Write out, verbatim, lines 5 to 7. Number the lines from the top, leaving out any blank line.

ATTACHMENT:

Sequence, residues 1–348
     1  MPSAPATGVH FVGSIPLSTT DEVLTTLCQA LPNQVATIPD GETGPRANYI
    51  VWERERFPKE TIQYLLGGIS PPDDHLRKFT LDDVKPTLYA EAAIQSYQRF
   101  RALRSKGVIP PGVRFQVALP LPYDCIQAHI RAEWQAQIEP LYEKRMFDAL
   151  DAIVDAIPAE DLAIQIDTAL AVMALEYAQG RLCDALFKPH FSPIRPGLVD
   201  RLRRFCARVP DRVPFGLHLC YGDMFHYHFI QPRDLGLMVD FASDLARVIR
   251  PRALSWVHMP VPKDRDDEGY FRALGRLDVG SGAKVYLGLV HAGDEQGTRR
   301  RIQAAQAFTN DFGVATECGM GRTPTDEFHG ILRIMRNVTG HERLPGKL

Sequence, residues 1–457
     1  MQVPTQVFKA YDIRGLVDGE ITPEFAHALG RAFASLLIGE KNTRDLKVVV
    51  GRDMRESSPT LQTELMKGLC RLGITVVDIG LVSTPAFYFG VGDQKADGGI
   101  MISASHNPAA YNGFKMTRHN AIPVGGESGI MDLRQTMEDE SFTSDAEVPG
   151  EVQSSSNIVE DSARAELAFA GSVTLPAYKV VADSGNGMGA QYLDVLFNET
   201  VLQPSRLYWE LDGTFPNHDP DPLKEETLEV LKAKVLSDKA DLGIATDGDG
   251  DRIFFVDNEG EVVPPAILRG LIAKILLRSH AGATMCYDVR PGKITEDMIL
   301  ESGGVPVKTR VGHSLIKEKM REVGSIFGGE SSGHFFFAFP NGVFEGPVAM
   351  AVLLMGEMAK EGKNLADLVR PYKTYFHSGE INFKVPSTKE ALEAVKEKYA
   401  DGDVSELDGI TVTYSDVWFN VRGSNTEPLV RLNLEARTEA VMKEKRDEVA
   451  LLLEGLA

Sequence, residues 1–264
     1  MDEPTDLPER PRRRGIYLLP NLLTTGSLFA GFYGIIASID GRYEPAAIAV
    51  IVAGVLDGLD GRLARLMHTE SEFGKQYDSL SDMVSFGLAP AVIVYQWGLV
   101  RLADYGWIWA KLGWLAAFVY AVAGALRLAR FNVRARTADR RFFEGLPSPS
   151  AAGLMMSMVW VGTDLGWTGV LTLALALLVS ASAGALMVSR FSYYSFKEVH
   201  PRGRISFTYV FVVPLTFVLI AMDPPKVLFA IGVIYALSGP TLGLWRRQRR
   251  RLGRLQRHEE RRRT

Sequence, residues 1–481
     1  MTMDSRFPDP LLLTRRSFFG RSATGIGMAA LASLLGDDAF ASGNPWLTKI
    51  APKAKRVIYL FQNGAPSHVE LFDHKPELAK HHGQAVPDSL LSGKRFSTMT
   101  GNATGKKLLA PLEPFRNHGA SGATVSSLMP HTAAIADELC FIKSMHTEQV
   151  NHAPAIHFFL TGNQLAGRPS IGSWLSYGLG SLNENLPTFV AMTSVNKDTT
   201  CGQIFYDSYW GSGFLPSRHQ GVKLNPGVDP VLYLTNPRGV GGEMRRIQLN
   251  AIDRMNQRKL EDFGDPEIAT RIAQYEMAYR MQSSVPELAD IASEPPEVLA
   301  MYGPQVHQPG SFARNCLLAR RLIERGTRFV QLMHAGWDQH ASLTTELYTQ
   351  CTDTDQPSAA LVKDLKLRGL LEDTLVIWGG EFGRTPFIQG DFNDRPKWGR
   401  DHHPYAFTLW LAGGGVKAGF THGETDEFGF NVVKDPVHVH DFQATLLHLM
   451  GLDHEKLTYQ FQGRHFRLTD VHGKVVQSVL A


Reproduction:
   151  DAIVDAIPAE DLAIQIDTAL AVMALEYAQG RLCDALFKPH FSPIRPGLVD
   201  RLRRFCARVP DRVPFGLHLC YGDMFHYHFI QPRDLGLMVD FASDLARVIR
   251  PRALSWVHMP VPKDRDDEGY FRALGRLDVG SGAKVYLGLV HAGDEQGTRR